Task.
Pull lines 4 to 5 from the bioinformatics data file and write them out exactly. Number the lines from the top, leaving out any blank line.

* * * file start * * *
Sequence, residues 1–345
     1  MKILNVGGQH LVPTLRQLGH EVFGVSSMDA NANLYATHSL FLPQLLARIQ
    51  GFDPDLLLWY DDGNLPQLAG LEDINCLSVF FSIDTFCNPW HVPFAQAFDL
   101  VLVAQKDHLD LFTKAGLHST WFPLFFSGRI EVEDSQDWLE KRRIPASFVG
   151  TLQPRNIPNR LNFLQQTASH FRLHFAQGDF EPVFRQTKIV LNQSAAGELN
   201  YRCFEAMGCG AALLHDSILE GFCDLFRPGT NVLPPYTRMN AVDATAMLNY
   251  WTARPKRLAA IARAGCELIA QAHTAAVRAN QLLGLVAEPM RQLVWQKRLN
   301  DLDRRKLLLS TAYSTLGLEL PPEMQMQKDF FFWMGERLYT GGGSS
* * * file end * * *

   101  VLVAQKDHLD LFTKAGLHST WFPLFFSGRI EVEDSQDWLE KRRIPASFVG
   151  TLQPRNIPNR LNFLQQTASH FRLHFAQGDF EPVFRQTKIV LNQSAAGELN